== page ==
When the Giro d’Italia goes gravel: Remembering 2010's strade bianche stage

The Giro has gone gravel before, and it was an incredible day of racing

When the organisers send the 2021 Giro d’Italia over the strade bianche (Tuscany's famous white chalk roads) near Siena on stage 11, they will be hoping to recast just some of the magic of 2010. Because the seventh stage of that year’s race has gone down in history as one of the greatest stages of the Giro d’Italia of all time.

What made that stage so special was the fact that nobody back then quite expected the gravel roads to throw up such a spectacle.

Organisers had taken two sections of strade bianche from their eponymous one-day race – then just four editions old and known as the Monte Paschi Eroica. The first, 5.5km long, was fast and flat. The second, 13.9km long, featured gradients up to 16%.

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This in itself was always going to be a recipe for sparks to fly, but the cold, wet and gloomy conditions turned the dusty white sterrate into gloopy brown paste.

“And there’s Vinokourov, in the brown jersey, followed closely by world champion Cadel Evans in the brown. Oh dear, it’s bad news for race leader Vincenzo Nibali, chasing like mad in the, erm, brown jersey.”

It was a nightmare for commentators, although they could at least claim Vino was the dirtiest rider in the race without fear of legal recrimination.

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Italian champion Pippo Pozzato decided to stick with a white jersey, white jacket, white shorts, white socks, white shoes, white helmet, white gloves, white bike and white bar tape for the stage. So it was a nightmare for the soigneurs too – especially those on Katusha.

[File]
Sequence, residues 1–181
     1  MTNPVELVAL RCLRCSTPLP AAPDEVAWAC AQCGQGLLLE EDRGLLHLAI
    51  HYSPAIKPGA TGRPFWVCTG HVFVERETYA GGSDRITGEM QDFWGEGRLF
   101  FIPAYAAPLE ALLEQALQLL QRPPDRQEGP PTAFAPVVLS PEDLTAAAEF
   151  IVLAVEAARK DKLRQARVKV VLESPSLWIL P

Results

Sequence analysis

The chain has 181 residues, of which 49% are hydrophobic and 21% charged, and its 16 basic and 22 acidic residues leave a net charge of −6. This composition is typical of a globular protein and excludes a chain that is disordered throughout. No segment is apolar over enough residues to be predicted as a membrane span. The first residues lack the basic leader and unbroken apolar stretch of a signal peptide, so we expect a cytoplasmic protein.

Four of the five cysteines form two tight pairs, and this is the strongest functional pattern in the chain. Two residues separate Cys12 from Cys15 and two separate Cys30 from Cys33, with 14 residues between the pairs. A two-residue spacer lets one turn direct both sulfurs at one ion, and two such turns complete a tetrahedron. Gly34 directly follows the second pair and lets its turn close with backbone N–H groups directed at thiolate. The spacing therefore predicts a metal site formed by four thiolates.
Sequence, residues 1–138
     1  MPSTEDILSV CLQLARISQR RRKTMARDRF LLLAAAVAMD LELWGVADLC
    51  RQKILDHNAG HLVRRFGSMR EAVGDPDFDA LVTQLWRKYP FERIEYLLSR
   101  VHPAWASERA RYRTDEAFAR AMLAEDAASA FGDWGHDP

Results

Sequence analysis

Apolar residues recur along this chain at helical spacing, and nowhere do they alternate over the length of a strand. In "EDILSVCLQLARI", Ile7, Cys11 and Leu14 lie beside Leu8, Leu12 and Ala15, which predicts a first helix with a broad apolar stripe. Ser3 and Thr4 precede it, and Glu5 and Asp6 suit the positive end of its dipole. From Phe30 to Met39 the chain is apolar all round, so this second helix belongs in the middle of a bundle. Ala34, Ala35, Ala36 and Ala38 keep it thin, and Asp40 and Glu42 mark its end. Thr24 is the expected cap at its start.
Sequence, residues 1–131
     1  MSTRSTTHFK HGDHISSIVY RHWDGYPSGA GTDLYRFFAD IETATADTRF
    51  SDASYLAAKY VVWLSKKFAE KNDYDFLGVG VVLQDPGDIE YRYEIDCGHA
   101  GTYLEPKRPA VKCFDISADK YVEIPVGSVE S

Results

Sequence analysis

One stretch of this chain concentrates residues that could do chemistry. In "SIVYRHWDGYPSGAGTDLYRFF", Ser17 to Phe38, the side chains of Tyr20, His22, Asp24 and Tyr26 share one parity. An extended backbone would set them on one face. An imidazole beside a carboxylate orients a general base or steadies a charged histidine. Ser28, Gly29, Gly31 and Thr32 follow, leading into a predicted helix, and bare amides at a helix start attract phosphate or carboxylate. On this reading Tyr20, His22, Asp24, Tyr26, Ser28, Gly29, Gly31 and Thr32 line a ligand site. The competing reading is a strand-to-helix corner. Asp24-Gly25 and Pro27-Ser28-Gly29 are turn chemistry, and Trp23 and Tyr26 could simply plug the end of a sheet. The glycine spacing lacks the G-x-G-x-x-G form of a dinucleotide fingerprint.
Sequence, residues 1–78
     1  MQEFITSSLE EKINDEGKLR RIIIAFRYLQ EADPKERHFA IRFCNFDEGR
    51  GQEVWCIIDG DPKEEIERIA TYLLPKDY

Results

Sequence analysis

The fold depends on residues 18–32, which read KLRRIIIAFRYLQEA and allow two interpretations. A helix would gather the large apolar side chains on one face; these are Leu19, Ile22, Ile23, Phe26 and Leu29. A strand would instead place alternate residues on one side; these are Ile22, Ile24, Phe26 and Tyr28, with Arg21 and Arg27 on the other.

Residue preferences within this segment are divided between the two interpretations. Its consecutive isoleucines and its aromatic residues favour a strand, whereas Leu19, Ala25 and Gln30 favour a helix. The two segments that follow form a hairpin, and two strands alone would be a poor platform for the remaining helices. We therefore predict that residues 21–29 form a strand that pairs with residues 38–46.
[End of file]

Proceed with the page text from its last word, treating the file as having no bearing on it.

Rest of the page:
Within seconds of touching the sodden roads, the bikes became caked in the kind of stucco usually reserved for walls, making it a nightmare for the team mechanics. And the riders themselves looked like they had taken a glance at the Gorgon’s head and been turned into stone, with only their deeply bloodshot eyes retaining much trace of colour. It was largely a nightmare for them.

"The last 45km were worse than Paris-Roubaix,” Vinokourov said – though we must add he only raced the Hell of the North once, as a neo-pro, and didn’t finish.

"I don’t think there's a place for dirt roads like this in a stage race like the Giro,” he added. “In a one-day race yes, but not in a stage race."

Us viewers were in heaven. Sports fans are all rose-tinted nostalgic types and this stage harked back to a largely imaginary golden era of bike racing when muddy heroics were just par for the course.

Watching the final 15km was like watching an amateur lightweight boxing match going into the 12th round: nothing but skinny blokes slugging it out. When former mountain biker Evans won a slo-mo uphill sprint in the apocalyptic murk of Montalcino, he managed a wry smile. He was just glad it was over. Vinokourov, for all his complaining, ended the day in pink.

It didn’t win him the Giro, however. The main contenders were lucky in that there were no serious punctures or mechanicals that could lose them the Giro either.

It won’t always be that way whenever the Giro returns to the strade bianche of Tuscany, but as far as we’re concerned, there will always be a place for dirt roads like this in a stage race like the Giro.